The Watsonville Wastewater Treatment Plant serves about 55,000 residents in the city and surrounding areas.
The Watsonville Wastewater Treatment Plant serves about 55,000 residents in the city and surrounding areas.
(Kevin Painchaud / Lookout Santa Cruz)
Civic Life

Watsonville advances utility rate hikes, setting up protest window for ratepayers

Watsonville is advancing rate increases for its water, sewage and solid waste utilities — funds officials say are needed to pay for overdue infrastructure upgrades. The new rates will take effect in July unless a majority of ratepayers protest.

Watsonville is advancing a proposal to raise rates for its water, sewage and solid waste utilities over the next five years, funds city officials say are needed for infrastructure upgrades that are already overdue.

As proposed, wastewater fees would increase by 7.5% annually through 2026; water rates by 1%; and solid waste by 7.5% for the first three years, then 5% for the remaining two. Changes to the tiers for water usage could offset some increase for households with less usage.

It all translates to a roughly 22% hike in an average household’s monthly bills over the five-year span, according to a staff report — from about $167 to $203 in 2026.

The Watsonville City Council unanimously approved the rate increases at its Tuesday meeting.

Before changes take effect, however, ratepayers have a chance to object. A 45-day public notice period will open the last week of March, during which time ratepayers can submit written protests to the city that will be tallied at a public hearing set for May 25. Protests from a majority of ratepayers would block the increases.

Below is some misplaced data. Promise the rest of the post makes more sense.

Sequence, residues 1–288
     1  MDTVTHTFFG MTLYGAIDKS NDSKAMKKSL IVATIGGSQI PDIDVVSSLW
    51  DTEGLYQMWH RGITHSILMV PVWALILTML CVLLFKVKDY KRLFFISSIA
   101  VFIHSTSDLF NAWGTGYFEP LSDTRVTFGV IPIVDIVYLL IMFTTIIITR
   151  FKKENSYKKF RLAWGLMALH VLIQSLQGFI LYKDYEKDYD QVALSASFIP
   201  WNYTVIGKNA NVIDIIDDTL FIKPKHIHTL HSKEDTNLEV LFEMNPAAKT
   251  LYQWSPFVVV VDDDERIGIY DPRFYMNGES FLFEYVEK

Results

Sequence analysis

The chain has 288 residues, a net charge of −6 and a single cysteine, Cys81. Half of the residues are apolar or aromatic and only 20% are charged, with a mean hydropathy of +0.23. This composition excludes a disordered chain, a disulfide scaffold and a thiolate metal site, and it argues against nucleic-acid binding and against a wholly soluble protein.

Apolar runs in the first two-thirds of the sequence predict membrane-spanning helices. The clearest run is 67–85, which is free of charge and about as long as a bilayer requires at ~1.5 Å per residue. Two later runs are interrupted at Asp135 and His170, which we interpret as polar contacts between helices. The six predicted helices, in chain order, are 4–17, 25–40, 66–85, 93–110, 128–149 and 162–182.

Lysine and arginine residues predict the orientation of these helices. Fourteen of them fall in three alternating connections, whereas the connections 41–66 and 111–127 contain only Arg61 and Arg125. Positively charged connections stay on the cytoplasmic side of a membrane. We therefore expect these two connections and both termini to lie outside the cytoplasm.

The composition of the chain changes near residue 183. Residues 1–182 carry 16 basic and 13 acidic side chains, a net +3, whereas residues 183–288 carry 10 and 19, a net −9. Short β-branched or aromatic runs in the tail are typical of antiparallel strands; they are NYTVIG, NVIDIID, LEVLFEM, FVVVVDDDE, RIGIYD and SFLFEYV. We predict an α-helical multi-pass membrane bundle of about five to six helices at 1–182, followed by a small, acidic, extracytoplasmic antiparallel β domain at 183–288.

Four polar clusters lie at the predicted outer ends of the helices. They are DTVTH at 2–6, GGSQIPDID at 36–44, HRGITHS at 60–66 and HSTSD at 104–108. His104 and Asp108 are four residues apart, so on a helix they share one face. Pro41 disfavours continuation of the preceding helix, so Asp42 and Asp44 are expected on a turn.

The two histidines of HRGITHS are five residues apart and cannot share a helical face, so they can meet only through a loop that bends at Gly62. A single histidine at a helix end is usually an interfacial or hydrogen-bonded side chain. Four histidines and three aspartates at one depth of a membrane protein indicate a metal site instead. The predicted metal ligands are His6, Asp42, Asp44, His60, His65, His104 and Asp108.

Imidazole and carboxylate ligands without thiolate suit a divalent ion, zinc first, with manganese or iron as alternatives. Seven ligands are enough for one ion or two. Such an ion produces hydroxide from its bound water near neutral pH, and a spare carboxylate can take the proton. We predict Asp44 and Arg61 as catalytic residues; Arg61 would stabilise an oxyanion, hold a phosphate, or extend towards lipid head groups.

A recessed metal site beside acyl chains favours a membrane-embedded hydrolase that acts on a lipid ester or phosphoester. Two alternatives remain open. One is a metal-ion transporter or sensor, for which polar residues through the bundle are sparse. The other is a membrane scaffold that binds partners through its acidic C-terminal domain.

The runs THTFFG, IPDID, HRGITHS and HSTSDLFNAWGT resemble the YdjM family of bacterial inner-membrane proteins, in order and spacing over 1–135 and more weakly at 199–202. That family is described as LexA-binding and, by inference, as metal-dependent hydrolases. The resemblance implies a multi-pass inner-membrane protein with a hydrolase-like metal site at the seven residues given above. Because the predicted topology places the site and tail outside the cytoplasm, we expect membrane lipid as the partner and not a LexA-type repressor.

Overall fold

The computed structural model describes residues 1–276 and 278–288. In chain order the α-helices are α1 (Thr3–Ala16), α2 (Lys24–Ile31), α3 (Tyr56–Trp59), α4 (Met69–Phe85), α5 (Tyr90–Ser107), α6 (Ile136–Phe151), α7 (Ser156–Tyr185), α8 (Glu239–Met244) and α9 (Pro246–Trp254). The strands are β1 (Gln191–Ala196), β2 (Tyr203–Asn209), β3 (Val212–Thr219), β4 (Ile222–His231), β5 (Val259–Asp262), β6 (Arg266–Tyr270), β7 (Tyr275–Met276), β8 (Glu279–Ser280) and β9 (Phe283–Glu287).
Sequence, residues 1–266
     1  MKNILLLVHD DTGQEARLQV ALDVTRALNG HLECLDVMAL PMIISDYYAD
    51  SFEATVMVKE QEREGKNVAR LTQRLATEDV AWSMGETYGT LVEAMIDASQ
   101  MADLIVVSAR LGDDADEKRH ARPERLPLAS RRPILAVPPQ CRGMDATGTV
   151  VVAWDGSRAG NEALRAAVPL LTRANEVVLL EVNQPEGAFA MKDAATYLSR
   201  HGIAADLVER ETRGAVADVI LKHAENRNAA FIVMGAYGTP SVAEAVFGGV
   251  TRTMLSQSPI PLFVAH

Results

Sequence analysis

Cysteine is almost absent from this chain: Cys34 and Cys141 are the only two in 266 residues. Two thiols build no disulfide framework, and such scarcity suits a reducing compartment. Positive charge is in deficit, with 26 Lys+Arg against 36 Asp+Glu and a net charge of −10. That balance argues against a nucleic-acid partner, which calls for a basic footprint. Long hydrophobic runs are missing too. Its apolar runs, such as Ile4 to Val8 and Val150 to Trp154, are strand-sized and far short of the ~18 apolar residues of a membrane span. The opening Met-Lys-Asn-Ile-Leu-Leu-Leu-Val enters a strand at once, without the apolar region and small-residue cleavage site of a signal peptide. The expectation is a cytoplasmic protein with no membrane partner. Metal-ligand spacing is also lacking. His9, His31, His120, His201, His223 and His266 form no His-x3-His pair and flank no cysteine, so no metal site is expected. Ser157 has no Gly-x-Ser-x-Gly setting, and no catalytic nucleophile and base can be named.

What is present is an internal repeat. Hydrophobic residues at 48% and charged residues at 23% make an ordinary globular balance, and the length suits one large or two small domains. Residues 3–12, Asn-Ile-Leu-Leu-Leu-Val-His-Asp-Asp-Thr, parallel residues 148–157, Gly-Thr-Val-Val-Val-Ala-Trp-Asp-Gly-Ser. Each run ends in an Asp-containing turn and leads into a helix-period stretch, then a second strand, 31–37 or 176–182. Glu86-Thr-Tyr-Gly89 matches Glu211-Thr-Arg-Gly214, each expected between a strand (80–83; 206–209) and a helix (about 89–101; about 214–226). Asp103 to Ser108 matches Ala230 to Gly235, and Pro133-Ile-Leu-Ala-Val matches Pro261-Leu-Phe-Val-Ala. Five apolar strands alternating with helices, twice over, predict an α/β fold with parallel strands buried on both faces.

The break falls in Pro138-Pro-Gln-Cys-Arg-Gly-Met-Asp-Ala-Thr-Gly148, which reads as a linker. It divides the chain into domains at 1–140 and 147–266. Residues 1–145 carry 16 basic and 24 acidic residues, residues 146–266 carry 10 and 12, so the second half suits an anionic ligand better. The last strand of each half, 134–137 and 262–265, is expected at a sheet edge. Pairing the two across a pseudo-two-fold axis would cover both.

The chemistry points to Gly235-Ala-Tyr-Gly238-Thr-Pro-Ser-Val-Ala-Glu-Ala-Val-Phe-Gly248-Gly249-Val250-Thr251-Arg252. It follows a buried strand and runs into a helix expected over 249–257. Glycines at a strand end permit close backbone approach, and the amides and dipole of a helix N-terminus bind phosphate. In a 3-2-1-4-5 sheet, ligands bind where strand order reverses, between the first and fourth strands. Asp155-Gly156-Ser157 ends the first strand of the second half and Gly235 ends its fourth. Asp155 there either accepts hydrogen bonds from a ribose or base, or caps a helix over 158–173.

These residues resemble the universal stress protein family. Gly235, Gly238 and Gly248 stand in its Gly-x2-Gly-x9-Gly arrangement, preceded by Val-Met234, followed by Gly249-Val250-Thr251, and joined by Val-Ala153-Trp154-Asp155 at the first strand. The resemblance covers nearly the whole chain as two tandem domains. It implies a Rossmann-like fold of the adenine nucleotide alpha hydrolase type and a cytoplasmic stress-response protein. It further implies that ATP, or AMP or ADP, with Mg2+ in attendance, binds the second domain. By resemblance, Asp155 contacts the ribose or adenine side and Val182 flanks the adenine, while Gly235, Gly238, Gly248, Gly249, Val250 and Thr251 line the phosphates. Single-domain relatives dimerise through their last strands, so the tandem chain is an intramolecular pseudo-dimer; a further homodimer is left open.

Information on the new rates, and how to protest, will be mailed to ratepayers the week of March 29, according to city officials.

City officials didn’t disclose the exact number of ratepayers, but the number is in the tens of thousands. The city utilities department provides water and sanitation services for about 55,000 residents. In addition, the department provides water service for an additional 12,000 residents in the unincorporated areas surrounding the city and provides sewage transmission and treatment for three sanitation districts located in Santa Cruz and Monterey Counties serving approximately 12,400 residents.

Watsonville has already waited too long to fund critical utility upgrades while costs rise and its aging infrastructure is increasingly at risk of failure, according to Christian Di Renzo, the city’s assistant director of public works and utilities. New state regulations and market changes are also driving up costs.

“We are on borrowed time at this point,” Di Renzo said.

Noting that city officials had asked for an even higher rate increase last year before pausing due to the pandemic, Councilmember Eduardo Montecino motioned to propose even higher rate hikes: 8.5% annually for wastewater and solid waste, and 2% annually for water.

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Continuing to put off infrastructure investments leads to costly repairs and higher risks of failure, Montecino said.

“I want my toilet to flush,” Montesino said. “I don’t want to be the next Texas where we don’t get water — or clean water.”

Montesino’s proposal was narrowly rejected in a 4-3 vote, opposed by Mayor Jimmy Dutra and Councilmembers Rebecca Garcia, Francisco Estrada and Aurelio Gonzalez.

“I can’t do this to the community at this time,” Dutra said before voting against Montesino’s motion.

If enacted, the higher rates would take effect in July.